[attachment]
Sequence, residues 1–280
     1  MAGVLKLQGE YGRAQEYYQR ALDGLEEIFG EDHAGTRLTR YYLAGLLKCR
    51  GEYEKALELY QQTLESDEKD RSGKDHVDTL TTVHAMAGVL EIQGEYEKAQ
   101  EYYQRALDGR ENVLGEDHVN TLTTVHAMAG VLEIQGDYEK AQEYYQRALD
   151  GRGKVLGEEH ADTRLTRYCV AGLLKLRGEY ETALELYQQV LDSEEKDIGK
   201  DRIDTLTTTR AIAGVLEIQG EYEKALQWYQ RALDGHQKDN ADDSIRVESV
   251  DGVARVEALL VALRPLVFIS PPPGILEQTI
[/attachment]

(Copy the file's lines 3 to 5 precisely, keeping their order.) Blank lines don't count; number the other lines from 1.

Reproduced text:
    51  GEYEKALELY QQTLESDEKD RSGKDHVDTL TTVHAMAGVL EIQGEYEKAQ
   101  EYYQRALDGR ENVLGEDHVN TLTTVHAMAG VLEIQGDYEK AQEYYQRALD
   151  GRGKVLGEEH ADTRLTRYCV AGLLKLRGEY ETALELYQQV LDSEEKDIGK